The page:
- British Columbia. Vital Statistics Branch. British Columbia Marriages. Vital Statistics Agency, Victoria, British Columbia.
Key genealogical facts that may be found in the marriage records are:
- Names of bride and groom
- Ages of bride and groom
- Residences when married
- Places of birth
- Marital status
- Rank or profession
- Names of parents (father’s name only in most preconfederation records)
- Names of witnesses (the registration records include their residences)
- Date and place of marriage
- Religious denominations of bride and groom
- Name of person performing the marriage
- Whether marriage was by license or by banns
How to Use the Records
Beginning your search
To begin your search in this collection, you should know the following information:
- Ancestor's name
- Parent's names
- Approximate marriage date
Search the Index
Fill in the requested information in the initial search page. This search will return a list of possible matches. Compare the information about the ancestors in the list to what you already know about your ancestors to determine if this is the correct family or person. You may need to compare the information about more than one person to find your ancestor.
If you can't find the information, you can try the following:
- Your ancestor might have lived in a different place from where you were looking for the birth, marriage, or death.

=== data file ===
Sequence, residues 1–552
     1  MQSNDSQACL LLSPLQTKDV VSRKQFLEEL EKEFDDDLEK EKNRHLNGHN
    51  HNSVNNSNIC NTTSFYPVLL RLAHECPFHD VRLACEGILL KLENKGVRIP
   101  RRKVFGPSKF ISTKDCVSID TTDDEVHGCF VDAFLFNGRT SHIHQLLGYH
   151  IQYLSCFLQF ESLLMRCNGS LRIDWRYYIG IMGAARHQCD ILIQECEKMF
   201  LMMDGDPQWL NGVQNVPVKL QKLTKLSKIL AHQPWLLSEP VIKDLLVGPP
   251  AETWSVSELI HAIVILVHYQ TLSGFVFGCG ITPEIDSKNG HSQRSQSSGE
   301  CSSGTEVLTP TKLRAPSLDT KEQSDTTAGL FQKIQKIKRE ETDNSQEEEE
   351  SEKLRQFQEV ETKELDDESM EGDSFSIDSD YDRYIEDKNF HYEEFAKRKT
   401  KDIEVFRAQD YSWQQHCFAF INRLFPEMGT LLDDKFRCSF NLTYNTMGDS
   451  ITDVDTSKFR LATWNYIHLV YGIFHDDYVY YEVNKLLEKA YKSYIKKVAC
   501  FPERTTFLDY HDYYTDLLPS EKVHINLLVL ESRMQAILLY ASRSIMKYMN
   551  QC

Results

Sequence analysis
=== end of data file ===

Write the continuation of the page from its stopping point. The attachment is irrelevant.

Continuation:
- Your ancestor might have lived at a slightly different time from the years you were looking.
- Not every birth, marriage, or death was registered.
- Look in the Canada Census Records for the residence of the parents.
- Look in the marriage records, this will give you another clue as to how old the parents were at the time of marriage thus giving you information on how old they were when they bore the child.
Related Wiki Articles
- British Columbia
- British Columbia Vital Records
- Canada Vital Records
- Name Variations in Canadian Indexes and Records
Contributions to This Article
|We welcome user additions to FamilySearch Historical Records wiki articles. Guidelines are available to help you make changes. Thank you for any contributions you may provide. If you would like to get more involved join the WikiProject FamilySearch Records.|
Citing FamilySearch Historical Collections
When you copy information from a record, you should list where you found the information. This will help you or others to find the record again. It is also good to keep track of records where you did not find information, including the names of the people you looked for in the records.
A suggested format for keeping track of records that you have searched is found in the wiki article Help:How to Cite FamilySearch Collections.
Citation Example for a Record Found in This Collection
"British Columbia Marriage Registrations, 1859-1932." database, FamilySearch (https://familysearch.org: accessed March 4, 2011), Emil Laurence Fitzgerald and Kathleen Alice Barnes, 12 July 1924; citing Vital Records, FHL microfilm 2,074,317; British Columbia Vital Statistics Branch, Victoria, British Columbia.